Photograph: Christo Crocker. Copyright Stuart Ringholt. I was dared to go to this exhibition.
The dignified halls of the National Gallery of Australia in Canberra are an unconventional space to wear your birthday suit. But here we are, on Wednesday evening, 50 art lovers disrobing with quiet, private trepidation. I too begin to strip: the dress comes off, the underwear soon after — until I stand, breasts, bum and bush in the breeze.
Since the s, James Turrell, the year-old American artist who studied perceptual psychology, has been fixated on light and all the ways he can manipulate it with space and color. An avid pilot with a lifelong fascination in merging earth and sky, Turrell considers his studio and canvas the sky, his medium pure light. The artist is best known for his Skyspaces, chambers open to the heavens through an aperture in the ceiling.
Installation artist and MacArthur Fellowship recipient James Turrell has spent nearly half a century pioneering the use of light as a medium. Trained in perceptual psychology and fascinated with illumination, he has completed numerous works that that explore the mixing of interior and exterior space combined with color, light, and the passage of time. His famous Skyspaces, which create an open aperture to the sky, are located in some of the world's most culturally and environmentally significant places and investigate how color affects the human experience. InTurrell began a project at Roden Crateran extinct volcano in northern Arizona.
James Turrell is organized by the Solomon R. Levinson, and those who wish to remain anonymous. Introduction Since the s, James Turrell has created an expansive body of work that offers profound revelations about perception and the materiality of light.
Standing on the rim of an ancient volcanic crater in northern Arizona, with the Painted Desert as a spectacular backdrop, James Turrell surveys all he has wrought. For a quarter of a century, this year-old artist has been transforming the crater into an immense naked-eye observatory. It is a modern counterpart of sites such as Newgrange in Ireland and Abu Simbel in Egypt, where earlier civilizations watched celestial events with both curiosity and awe.
Roden Crater, located in the Painted Desert region of Northern Arizona, is an unprecedented large-scale artwork created within a volcanic cinder cone by light and space artist James Turrell. It takes its place within the tradition of American landscape art that began in the s, requiring a journey to visit the work in the remote desert with truly dark night skies. While minimally invasive to the external natural landscape, internally the red and black cinder has been transformed into special engineered spaces where the cycles of geologic and celestial time can be directly experienced.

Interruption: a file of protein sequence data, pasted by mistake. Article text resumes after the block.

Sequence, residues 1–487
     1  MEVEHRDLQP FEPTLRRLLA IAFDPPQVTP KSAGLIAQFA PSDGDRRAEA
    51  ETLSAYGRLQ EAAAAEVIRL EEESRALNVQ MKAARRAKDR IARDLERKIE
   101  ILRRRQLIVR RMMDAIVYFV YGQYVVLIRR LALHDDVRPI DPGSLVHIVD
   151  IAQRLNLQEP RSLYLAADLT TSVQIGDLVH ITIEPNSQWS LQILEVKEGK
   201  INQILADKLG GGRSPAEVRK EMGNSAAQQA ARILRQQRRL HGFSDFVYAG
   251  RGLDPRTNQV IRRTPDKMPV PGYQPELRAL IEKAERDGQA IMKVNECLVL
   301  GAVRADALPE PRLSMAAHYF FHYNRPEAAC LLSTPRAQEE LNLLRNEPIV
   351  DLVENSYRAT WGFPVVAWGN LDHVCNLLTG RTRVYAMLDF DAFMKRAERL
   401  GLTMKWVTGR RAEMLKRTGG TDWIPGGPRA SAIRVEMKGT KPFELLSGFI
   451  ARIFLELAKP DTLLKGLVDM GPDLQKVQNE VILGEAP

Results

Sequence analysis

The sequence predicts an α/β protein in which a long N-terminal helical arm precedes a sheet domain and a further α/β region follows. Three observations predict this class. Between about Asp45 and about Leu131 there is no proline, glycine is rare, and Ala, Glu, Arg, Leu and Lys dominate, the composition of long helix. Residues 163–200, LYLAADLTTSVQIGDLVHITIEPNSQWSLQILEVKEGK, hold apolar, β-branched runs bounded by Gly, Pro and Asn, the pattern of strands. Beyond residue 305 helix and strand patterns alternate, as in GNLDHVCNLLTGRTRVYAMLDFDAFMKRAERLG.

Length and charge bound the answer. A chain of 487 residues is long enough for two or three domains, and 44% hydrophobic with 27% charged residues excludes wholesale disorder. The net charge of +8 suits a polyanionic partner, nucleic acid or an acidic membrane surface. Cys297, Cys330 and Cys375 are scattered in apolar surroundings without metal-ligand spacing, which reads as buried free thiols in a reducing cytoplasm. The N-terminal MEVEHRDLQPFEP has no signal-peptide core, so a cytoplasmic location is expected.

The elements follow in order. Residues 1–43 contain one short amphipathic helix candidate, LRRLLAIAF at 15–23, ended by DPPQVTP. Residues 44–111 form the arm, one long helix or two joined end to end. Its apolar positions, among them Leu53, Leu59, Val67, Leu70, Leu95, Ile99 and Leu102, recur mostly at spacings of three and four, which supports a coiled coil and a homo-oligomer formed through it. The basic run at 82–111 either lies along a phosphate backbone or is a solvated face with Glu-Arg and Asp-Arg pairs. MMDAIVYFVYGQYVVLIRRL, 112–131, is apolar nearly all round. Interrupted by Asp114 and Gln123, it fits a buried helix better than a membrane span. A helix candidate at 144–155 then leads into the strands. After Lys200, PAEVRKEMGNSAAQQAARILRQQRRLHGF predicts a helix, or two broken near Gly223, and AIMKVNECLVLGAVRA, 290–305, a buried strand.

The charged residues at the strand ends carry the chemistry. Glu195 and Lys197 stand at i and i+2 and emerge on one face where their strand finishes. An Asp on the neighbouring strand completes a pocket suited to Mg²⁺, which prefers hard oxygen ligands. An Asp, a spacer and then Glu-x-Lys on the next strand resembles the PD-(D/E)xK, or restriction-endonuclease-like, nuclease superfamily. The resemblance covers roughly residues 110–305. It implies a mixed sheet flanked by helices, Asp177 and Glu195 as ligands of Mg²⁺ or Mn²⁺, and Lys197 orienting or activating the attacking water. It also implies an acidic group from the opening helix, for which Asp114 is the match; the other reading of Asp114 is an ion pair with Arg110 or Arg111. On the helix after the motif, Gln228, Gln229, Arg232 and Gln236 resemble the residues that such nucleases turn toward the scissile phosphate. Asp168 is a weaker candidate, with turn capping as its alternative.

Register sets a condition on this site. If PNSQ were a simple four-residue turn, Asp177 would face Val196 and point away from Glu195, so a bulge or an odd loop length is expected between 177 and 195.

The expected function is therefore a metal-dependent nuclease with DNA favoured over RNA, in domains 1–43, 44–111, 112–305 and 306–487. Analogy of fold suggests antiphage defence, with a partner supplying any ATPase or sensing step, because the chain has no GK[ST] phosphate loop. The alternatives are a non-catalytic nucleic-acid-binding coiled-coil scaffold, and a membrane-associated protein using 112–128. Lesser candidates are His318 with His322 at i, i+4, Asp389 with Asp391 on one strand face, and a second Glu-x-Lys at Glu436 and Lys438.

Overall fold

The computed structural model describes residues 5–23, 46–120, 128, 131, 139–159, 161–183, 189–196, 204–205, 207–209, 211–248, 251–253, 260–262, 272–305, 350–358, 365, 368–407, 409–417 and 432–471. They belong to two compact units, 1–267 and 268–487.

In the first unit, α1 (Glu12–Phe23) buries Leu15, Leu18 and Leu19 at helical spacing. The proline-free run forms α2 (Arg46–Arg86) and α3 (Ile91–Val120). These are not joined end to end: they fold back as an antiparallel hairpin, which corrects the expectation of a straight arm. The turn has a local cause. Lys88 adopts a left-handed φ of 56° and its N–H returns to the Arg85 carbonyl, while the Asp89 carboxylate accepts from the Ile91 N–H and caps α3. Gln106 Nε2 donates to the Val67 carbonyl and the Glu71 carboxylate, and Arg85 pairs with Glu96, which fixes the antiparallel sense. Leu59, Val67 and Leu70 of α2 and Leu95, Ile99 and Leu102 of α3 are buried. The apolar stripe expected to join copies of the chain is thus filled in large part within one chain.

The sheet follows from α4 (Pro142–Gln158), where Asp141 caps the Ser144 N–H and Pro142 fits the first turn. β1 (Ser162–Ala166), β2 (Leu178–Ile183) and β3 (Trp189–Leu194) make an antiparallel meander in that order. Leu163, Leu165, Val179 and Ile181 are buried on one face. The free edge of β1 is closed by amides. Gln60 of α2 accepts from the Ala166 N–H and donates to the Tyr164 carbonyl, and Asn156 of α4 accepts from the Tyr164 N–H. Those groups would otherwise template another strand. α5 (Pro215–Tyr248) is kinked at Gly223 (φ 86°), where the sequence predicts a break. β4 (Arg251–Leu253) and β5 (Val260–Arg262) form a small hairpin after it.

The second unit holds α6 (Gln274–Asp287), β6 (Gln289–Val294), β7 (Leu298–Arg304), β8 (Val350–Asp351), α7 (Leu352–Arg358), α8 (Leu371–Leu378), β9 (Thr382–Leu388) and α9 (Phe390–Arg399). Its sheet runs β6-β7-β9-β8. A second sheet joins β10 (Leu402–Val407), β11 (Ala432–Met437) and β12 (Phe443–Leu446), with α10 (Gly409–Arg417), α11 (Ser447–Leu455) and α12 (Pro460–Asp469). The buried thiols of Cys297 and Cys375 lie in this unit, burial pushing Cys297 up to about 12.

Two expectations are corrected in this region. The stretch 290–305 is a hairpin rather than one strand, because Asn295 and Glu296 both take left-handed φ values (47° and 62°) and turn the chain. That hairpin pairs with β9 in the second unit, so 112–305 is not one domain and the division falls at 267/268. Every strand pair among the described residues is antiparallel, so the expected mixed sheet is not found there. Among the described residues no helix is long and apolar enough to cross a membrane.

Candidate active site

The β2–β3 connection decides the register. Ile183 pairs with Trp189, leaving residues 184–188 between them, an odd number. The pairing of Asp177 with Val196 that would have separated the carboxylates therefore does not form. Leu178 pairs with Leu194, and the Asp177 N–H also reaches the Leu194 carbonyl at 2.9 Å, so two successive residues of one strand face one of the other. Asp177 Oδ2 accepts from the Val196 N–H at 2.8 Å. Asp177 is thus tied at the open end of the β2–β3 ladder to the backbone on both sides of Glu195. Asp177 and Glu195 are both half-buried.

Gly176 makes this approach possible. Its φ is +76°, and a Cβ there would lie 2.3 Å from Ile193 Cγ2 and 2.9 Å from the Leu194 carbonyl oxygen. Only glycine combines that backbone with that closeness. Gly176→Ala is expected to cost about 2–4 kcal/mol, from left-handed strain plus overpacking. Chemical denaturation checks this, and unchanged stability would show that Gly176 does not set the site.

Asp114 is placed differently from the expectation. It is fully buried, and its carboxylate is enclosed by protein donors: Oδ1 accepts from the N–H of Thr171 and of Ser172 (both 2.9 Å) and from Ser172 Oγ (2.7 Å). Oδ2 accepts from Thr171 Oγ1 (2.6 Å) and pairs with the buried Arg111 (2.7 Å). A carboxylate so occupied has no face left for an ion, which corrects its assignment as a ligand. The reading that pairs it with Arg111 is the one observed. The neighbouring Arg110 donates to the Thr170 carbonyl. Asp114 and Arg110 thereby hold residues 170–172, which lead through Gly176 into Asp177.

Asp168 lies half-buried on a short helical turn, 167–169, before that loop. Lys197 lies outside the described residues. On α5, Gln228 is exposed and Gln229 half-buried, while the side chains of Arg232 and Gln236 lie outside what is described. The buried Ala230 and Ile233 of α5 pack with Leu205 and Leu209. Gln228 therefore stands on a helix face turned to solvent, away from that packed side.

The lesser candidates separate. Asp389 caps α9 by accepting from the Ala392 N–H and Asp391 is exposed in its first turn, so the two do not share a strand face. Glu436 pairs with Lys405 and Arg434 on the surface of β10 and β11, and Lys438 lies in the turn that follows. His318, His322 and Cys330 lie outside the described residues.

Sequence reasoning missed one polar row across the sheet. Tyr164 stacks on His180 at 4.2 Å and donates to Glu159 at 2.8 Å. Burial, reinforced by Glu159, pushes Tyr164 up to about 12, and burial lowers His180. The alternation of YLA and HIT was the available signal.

Today, Pace Gallery opens the first show in its new Palo Alto outpost with a solo exhibition by one of California's most iconic artists, James Turrell. The year-old master of light manipulation began creating art in the late 60s, but his cult status was cemented inwhen three major American institutions — the LACMA, Guggenheim, and Museum of Fine Arts Houston — ran concurrent career retrospectives. Turrell's artworks are products of his expertise in physics, geology, mathematics, astronomy, and perceptual psychology for which he holds a bachelor's degreebut they also assume a nearly indescribable spiritual dimension — he injects celestial bodies with a heavenly technicolor glow; he brings the cosmos down to Earth. While we marvel over his newest pieces, discover five things you might not know about one of America's most vibrant dreamers.
At first, the trend of ogling masterpieces in the buff seems like a cleverly planned gimmick -- a promotional ploy aimed at upping the ante of arts coverage across the internet. But when you speak to artist Stuart Ringholt, someone who's currently hosting nude art tours at Australia's National Gallery of Art in Canberrathe concept of skyclad art viewing makes a bit more sense. The National Gallery recently joined the surprisingly long list of museums who've begun catering to the nudist and naturist communities.
Turrell was a MacArthur Fellow in Turrell is best known for his work in progress, Roden Cratera natural cinder cone crater located outside Flagstaff, Arizonathat he is turning into a massive naked-eye observatory. James Turrell was born in Los Angeles, California. His mother, Margaret Hodges Turrell,  trained as a medical doctor and later worked in the Peace Corps.